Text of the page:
Saturday, March 25, 2023

Questions before dinner

led to another rabbit hole: The Great American Novel seems like a concept designed to keep critics employed. Our effective motto seems to be e pluribus rixae(*), from the Albion's Seed era through today. External enemies unite us for a while, but not very long (I remember the 60's and 70's)--too many people see advantage in leveraging divisions, and quite a number of us find joy in being against things. It's fashionable to be against the fashion? Popular media don't seem quite the uniting force either--as soon as people found ways of getting non-monopoly news they did, and how many channels of music does siriusxm carry?

I have no clear idea what "American" means in this context."

Of course great art can be universal, but then how is it specifically American--aside from its provenance? Is Don Quixote The Great Spanish Novel?

(*) So says google translate.


Assistant Village Idiot said...

A fun question! I will play with it a bit and then see what Wikipedia has to say in contradiction.

Phillip Roth wrote a novel by that name in the 70s, so it must have been around as an idea for at least a couple of generations before that, so I will guess 1900 or a little after. I usually hear Moby Dick mentioned first off the blocks, and I think Huck Finn comes in for quick mention as well. For 20th C works, I think I usually hear of it in the context of people trying to write the Great American Novel, not necessarily succeeding. If someone is making lists, I would guess that something by Faulkner and Hemingway would be on it. I think that somehow in there it has to be about the American experience as a whole, though it would likely focus on a specific era or even incident. Aha! This tells me that The Great Gatsby must be a frequent nominee, and maybe Cooper and Cather. I doubt I want to see what would be included after 1960, as it would irritate me. The list would too obviously be trying to sell postwar liberalism as the "real" America. So two overrated novels To Kill A Mockingbird and Catcher in the Rye would be on it, and it would only get worse from there.

I think if people were approaching the question with an open mind, children's books would have to be high on the list rather than given short shrift. Childhood is when the largest percentage of Americans read novels at all, and lists that only include books for "adults who read serious novels, and are serious about reading serious novels," then that is going to be a limited bunch of us, and a rather self-congratulatory one. But Laura Ingalls Wilder should be on there, especially as females read novels more than males even at young ages. Even though Prince Edward Island is a very New-Englandy setting, I suppose we can't give the title to a Canadian for Anne of Green Gables. Though that would be funny.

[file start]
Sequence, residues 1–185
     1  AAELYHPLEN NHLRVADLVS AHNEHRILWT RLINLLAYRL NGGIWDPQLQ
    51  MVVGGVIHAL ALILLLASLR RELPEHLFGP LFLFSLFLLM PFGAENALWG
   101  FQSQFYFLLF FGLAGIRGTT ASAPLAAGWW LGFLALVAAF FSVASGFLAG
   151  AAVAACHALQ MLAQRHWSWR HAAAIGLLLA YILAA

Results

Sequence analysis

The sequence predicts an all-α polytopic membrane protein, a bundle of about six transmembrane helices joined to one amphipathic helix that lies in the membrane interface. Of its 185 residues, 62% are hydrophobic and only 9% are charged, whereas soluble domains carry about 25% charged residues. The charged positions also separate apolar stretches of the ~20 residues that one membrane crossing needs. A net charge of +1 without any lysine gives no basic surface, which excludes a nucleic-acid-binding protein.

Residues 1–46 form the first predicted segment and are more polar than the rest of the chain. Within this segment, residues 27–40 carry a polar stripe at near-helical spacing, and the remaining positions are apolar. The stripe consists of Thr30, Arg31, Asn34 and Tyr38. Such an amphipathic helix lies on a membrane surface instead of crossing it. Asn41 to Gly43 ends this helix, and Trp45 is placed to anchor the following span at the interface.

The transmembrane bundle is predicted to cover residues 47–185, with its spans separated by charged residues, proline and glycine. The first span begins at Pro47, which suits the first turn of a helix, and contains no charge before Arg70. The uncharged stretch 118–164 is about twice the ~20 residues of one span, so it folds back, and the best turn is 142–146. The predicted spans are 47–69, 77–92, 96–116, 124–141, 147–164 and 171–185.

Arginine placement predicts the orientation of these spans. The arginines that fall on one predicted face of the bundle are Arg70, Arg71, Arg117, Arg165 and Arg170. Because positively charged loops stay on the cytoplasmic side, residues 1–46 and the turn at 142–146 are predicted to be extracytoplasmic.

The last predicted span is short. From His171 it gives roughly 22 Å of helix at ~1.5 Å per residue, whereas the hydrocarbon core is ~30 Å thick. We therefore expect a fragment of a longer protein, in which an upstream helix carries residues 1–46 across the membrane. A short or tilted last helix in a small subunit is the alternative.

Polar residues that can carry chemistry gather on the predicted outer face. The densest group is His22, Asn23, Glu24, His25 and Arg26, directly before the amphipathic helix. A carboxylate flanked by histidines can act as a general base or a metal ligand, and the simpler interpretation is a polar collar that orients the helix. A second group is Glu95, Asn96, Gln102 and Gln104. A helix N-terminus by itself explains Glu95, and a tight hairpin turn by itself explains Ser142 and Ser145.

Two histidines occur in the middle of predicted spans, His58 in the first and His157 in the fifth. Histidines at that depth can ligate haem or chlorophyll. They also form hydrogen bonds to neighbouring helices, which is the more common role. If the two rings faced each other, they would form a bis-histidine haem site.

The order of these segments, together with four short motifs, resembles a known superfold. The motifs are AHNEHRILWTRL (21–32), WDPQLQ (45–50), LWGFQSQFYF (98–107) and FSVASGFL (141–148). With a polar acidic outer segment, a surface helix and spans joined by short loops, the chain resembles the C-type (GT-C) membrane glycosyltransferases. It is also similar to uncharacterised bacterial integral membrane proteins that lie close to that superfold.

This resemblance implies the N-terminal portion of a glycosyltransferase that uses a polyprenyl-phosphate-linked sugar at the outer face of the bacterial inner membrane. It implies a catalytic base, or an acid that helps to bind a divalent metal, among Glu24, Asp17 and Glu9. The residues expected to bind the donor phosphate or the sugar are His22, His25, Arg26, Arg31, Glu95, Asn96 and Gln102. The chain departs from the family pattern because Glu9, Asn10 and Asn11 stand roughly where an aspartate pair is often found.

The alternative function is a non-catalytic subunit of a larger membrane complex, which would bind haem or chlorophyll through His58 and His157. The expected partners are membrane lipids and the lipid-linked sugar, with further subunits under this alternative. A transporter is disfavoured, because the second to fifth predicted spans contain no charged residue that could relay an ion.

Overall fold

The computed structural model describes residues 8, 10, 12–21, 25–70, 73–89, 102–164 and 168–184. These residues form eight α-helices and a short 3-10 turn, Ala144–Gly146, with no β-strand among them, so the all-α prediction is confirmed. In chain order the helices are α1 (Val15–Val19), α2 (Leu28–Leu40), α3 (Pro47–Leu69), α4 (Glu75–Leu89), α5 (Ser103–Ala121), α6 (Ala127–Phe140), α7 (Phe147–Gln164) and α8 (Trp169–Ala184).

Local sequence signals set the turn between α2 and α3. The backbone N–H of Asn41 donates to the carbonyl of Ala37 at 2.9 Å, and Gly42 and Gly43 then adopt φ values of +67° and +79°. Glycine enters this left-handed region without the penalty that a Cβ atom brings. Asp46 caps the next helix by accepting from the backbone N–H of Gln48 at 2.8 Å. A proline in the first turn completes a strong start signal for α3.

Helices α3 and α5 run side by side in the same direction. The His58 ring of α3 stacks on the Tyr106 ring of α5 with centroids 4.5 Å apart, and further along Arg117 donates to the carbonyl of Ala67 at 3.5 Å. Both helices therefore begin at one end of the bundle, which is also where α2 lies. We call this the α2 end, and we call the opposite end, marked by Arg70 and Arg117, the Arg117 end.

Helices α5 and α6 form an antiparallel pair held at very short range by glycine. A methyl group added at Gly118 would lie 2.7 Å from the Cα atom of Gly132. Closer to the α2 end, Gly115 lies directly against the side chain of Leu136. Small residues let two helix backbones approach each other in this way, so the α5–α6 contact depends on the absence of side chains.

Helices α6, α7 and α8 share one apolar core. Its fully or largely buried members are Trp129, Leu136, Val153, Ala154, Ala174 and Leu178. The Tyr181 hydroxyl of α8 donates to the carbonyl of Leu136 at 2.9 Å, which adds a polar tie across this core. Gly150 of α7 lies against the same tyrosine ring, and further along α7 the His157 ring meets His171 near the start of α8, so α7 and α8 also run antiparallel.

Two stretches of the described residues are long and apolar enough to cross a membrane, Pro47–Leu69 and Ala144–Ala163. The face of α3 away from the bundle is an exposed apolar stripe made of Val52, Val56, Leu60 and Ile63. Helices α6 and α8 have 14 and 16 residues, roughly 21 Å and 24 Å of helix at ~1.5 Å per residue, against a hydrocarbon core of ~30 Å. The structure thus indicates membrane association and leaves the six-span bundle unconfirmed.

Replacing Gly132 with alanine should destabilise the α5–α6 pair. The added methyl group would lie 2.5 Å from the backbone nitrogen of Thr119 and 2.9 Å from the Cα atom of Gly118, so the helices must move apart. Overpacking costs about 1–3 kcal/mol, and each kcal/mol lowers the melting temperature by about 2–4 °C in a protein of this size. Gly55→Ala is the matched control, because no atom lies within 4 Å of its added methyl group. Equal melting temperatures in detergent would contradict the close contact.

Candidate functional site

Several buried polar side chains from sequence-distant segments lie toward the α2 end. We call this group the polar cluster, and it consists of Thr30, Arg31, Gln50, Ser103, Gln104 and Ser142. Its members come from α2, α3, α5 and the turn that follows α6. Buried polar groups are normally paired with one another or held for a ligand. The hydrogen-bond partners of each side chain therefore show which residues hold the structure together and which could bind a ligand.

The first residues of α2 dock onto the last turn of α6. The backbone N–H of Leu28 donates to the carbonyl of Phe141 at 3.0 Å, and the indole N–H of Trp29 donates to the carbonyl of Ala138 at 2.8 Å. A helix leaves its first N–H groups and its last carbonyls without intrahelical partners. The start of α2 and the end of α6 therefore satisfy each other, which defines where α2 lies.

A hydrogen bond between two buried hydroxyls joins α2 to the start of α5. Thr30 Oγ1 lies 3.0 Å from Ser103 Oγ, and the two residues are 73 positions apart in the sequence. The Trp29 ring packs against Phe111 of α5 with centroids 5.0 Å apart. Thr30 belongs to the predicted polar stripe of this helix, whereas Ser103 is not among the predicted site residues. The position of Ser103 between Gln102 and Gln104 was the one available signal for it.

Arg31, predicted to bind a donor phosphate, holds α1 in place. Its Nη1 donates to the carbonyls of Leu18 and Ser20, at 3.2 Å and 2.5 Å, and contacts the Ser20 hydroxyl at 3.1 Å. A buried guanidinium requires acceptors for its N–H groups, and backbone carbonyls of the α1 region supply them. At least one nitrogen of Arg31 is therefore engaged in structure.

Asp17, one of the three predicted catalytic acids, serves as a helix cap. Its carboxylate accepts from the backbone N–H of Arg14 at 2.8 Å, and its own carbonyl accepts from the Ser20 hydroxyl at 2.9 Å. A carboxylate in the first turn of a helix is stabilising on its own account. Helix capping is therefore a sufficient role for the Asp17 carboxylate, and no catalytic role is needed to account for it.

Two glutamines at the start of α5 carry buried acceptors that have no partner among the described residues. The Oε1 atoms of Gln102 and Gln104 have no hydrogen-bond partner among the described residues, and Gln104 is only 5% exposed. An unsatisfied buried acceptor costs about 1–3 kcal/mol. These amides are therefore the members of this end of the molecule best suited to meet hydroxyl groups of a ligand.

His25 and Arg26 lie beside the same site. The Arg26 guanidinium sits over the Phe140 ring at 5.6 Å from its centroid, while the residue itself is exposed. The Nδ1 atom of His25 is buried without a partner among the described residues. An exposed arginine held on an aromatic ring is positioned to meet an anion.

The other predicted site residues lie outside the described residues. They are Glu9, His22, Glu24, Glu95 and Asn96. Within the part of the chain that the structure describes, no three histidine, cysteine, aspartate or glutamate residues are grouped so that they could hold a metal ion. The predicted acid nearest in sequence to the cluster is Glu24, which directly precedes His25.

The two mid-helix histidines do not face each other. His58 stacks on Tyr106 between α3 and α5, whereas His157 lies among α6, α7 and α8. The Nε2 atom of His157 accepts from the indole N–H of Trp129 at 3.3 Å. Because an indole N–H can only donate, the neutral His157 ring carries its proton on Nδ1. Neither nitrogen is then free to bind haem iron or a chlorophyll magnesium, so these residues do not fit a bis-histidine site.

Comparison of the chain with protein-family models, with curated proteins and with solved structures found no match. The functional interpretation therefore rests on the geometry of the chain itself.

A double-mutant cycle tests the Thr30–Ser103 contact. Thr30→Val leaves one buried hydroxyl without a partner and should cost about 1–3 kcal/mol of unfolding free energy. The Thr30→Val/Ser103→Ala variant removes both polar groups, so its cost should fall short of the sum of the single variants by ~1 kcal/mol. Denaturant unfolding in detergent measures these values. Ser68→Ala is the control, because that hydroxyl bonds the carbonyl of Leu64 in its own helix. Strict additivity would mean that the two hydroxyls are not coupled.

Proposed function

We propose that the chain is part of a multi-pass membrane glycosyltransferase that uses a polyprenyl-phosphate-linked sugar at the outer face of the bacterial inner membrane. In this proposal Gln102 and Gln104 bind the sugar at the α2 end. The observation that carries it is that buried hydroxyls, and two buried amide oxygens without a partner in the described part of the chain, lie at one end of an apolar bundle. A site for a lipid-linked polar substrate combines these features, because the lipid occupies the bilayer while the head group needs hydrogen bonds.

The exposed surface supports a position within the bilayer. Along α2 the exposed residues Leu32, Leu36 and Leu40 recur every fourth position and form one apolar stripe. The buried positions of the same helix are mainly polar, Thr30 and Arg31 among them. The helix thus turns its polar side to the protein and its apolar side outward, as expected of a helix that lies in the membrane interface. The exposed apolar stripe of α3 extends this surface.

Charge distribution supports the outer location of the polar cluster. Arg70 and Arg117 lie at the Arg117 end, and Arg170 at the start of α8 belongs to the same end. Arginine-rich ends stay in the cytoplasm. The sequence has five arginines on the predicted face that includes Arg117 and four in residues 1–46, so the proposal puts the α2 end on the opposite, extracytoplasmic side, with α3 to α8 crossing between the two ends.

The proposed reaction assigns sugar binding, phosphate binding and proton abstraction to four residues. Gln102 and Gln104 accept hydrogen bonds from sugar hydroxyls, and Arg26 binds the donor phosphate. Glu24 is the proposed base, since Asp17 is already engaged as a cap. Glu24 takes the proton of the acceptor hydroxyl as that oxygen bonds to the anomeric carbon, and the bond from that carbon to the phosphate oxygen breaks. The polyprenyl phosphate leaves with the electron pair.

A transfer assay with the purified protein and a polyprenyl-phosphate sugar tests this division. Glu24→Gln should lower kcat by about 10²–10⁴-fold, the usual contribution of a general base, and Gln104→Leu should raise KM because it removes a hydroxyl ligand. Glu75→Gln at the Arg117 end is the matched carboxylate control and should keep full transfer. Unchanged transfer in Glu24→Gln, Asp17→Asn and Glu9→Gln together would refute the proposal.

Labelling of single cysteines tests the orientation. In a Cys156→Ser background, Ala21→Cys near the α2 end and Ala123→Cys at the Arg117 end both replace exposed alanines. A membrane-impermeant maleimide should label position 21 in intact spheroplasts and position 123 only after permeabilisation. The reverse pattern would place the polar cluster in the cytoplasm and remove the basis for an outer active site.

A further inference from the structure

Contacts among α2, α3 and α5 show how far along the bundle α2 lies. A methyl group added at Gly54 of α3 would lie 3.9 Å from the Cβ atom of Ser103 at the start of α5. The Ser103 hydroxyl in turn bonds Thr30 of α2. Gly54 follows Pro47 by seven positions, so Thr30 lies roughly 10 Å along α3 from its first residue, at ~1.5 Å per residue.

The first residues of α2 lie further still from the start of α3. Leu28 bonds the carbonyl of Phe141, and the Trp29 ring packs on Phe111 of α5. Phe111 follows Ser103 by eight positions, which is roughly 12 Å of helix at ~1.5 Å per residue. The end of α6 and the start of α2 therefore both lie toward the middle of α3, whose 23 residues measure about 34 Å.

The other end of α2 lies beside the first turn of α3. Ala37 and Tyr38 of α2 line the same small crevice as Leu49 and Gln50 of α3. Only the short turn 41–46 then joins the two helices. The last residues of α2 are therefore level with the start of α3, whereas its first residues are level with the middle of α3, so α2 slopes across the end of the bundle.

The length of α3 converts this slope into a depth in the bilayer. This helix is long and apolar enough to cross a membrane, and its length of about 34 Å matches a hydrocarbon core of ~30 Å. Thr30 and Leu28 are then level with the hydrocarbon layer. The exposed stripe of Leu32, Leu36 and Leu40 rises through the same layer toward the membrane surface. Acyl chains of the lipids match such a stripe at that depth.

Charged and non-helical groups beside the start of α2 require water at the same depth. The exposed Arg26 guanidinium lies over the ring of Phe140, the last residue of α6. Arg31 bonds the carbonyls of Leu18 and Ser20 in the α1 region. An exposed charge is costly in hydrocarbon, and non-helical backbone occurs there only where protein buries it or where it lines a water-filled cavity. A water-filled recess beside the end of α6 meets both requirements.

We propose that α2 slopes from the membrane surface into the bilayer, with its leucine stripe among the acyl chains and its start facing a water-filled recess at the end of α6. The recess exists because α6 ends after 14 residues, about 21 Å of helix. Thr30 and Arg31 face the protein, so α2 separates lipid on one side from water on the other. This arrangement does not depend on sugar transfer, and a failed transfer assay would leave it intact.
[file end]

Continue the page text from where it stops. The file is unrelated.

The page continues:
I think the Great American Novel would have to be regarded as saying something important about America, rather than about Humanity, as sci-fi and fantasy are more likely to do.

This puts me in mind to write a post about women writers, which I hope to knock out today. Something clicked for the first time from this starting point of yours.

According to Wikipedia, I did moderately well in my guesses. The phrase is older than I expected, and even knowing that things seem to always turn out to be surprisingly newer or surprisingly older than we expect I am still surprised. That sort of national self-consciousness in 1868 seems likely, but I didn't think there would be much literary self-consciousness in America before 1900.


james said...

You took it in a direction I didn't think of. Yes, children's authors deserve better. (Heinlein said the way to write a book for children was to write one for adults and take out the sex.) Margaret Wise Brown strikes me as a better poet than some who have the name for it these days.

Grim said...

I think The Grapes of Wrath might be 'the' great American novel, although The Great Gatsby -- already mentioned -- is usually named. Both of them end up being about the vast hardships brought on in America's capitalist economy, one of them in conditions of poverty and the other by what is necessary to succeed. Both of these elements end up having Marxist roots: Marx has a lot to say about the miserable lot of the petite bourgeoisie, struggling to climb but constantly in peril of being crushed into the misery of the proletariat. Likewise of course about the latter.

I suspect this whole tradition of American scholarship is motivated, in other words; and it's not for no reason that English lit was one of the first academic disciplines lost to the 'march through the institutions.'